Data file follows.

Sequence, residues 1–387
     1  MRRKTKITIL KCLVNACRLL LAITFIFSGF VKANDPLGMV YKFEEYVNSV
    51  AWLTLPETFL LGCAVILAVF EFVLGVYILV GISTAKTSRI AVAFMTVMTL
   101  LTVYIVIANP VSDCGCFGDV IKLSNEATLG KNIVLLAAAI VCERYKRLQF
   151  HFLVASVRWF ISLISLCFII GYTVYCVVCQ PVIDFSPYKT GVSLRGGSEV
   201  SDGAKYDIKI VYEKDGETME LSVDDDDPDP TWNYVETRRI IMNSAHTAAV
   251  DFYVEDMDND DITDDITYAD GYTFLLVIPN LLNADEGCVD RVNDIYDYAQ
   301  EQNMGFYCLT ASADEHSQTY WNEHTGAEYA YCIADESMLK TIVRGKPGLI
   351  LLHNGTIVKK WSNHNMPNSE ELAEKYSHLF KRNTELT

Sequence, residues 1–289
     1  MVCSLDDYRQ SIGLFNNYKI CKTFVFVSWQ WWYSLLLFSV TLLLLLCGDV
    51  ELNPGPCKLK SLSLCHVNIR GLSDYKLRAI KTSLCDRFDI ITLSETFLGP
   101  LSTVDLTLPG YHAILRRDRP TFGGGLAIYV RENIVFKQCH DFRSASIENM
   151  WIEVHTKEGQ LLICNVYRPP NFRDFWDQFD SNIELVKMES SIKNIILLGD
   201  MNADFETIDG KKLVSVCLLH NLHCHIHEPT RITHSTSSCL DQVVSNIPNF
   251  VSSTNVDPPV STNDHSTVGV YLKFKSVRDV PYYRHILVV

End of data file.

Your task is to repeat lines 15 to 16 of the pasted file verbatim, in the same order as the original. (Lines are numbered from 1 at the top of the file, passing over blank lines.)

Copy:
   201  MNADFETIDG KKLVSVCLLH NLHCHIHEPT RITHSTSSCL DQVVSNIPNF
   251  VSSTNVDPPV STNDHSTVGV YLKFKSVRDV PYYRHILVV